Internet merchants once viewed charge-backs and other payment fraud as a cost of doing business, mainly because they are difficult and time-consuming to fight. But with fraud sapping hundreds of millions of dollars from online revenues, companies that do all or most of their business over the Internet are increasingly pushing back.

"Merchants are not willing to accept this anymore. They are fighting tooth and nail," said Kathleen Attinello, an executive vice president at Receivable Management Services, which fights charge-backs on behalf of online travel agencies, video game sites and other merchants.

Internet companies are trying to chip away at the fraud problem by hiring companies like RMS, employing technology that spots potential fraud before it happens and using payer-verification services such as those offered by Visa and MasterCard.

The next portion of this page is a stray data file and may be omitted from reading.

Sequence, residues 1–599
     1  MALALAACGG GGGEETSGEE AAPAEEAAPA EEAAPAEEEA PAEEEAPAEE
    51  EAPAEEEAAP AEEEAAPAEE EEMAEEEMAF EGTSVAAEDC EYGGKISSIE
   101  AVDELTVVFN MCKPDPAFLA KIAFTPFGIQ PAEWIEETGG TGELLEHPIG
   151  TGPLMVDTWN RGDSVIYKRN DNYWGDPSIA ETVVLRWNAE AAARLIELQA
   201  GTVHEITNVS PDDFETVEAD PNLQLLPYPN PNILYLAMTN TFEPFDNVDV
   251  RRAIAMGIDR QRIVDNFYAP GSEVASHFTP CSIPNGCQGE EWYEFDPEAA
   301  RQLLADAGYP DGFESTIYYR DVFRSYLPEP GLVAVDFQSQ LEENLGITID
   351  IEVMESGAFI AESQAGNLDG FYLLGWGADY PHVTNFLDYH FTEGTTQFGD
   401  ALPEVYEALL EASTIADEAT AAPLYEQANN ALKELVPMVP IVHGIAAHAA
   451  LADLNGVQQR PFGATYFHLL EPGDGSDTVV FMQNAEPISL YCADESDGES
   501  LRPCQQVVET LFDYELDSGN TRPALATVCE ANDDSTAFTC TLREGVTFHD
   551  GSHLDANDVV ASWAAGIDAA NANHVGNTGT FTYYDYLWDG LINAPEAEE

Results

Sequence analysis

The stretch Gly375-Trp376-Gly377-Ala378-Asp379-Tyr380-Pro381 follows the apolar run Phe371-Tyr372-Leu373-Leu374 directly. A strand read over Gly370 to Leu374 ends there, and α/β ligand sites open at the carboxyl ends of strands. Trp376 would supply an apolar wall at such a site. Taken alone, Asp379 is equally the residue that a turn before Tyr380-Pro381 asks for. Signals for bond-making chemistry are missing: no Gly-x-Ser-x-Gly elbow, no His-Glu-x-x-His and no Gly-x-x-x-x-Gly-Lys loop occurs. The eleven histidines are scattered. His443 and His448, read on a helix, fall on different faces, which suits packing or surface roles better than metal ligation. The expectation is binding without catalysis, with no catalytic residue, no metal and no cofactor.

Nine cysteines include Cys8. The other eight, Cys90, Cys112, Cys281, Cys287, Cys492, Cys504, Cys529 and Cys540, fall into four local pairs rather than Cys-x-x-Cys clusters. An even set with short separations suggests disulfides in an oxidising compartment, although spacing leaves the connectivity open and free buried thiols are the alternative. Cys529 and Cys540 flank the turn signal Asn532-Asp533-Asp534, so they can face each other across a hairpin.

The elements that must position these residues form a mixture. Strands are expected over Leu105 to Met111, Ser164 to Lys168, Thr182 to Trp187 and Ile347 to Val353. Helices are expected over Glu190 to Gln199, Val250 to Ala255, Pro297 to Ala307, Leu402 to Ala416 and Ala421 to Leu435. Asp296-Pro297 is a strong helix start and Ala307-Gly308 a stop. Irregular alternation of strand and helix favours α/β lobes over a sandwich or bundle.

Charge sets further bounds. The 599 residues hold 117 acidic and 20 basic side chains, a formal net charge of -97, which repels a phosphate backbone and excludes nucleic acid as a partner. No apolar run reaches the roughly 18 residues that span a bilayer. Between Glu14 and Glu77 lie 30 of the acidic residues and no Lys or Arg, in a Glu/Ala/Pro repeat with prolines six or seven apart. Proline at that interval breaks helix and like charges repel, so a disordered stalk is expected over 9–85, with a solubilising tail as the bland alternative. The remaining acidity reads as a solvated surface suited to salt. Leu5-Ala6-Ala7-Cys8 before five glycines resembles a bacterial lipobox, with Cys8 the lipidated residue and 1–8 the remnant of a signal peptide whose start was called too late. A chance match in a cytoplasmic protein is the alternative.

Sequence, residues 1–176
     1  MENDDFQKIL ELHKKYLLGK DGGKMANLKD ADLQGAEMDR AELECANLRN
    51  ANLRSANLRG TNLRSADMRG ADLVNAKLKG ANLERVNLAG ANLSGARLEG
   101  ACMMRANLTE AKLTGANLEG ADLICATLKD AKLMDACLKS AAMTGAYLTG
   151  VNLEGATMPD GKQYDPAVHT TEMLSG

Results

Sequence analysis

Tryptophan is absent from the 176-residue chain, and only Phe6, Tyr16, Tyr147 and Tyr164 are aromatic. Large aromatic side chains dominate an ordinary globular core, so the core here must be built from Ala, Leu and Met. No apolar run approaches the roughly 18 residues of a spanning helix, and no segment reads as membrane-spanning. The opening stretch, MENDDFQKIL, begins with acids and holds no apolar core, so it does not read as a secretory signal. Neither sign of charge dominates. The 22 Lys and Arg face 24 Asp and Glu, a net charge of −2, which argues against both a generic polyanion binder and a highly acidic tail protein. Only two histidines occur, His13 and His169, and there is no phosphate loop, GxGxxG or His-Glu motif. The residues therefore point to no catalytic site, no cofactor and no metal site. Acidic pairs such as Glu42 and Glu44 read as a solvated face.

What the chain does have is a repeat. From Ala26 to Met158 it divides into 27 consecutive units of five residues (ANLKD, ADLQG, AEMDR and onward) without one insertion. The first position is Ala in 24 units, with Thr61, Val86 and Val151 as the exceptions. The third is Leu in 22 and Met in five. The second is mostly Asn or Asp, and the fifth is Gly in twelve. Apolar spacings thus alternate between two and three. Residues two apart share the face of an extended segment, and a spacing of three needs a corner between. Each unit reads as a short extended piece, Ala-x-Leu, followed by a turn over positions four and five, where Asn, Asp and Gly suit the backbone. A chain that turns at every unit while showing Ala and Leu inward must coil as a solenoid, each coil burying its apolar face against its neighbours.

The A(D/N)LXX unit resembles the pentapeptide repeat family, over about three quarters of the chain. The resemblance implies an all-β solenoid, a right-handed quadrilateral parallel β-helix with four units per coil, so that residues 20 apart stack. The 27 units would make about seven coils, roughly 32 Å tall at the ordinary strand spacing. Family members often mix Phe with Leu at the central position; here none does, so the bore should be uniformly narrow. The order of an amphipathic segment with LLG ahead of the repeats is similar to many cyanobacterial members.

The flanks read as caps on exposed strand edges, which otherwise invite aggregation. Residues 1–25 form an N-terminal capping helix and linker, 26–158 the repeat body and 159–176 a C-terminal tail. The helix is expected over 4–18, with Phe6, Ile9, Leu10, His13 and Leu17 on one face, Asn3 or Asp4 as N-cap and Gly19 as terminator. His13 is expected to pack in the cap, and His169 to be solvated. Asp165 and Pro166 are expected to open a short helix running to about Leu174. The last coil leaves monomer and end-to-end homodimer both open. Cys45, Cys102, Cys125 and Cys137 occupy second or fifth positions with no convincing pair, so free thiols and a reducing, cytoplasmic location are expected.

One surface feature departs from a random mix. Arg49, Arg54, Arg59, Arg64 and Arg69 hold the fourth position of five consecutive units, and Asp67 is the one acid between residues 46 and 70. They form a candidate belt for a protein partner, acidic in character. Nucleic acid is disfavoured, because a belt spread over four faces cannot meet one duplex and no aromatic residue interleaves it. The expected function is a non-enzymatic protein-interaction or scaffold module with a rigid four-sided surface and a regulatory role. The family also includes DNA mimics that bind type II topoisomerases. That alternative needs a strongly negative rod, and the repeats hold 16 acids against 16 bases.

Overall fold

Payment fraud is a bigger problem for Internet merchants than for bricks-and-mortar retailers because, unlike a face-to-face sale, an online transaction does not require a customer's signature or credit card imprint.

So it's easy for a customer to get a charge reversed — and time-consuming for an Internet merchant to prove the sale was legitimate. In most online charge-backs, the cardholder denies ever making the purchase.

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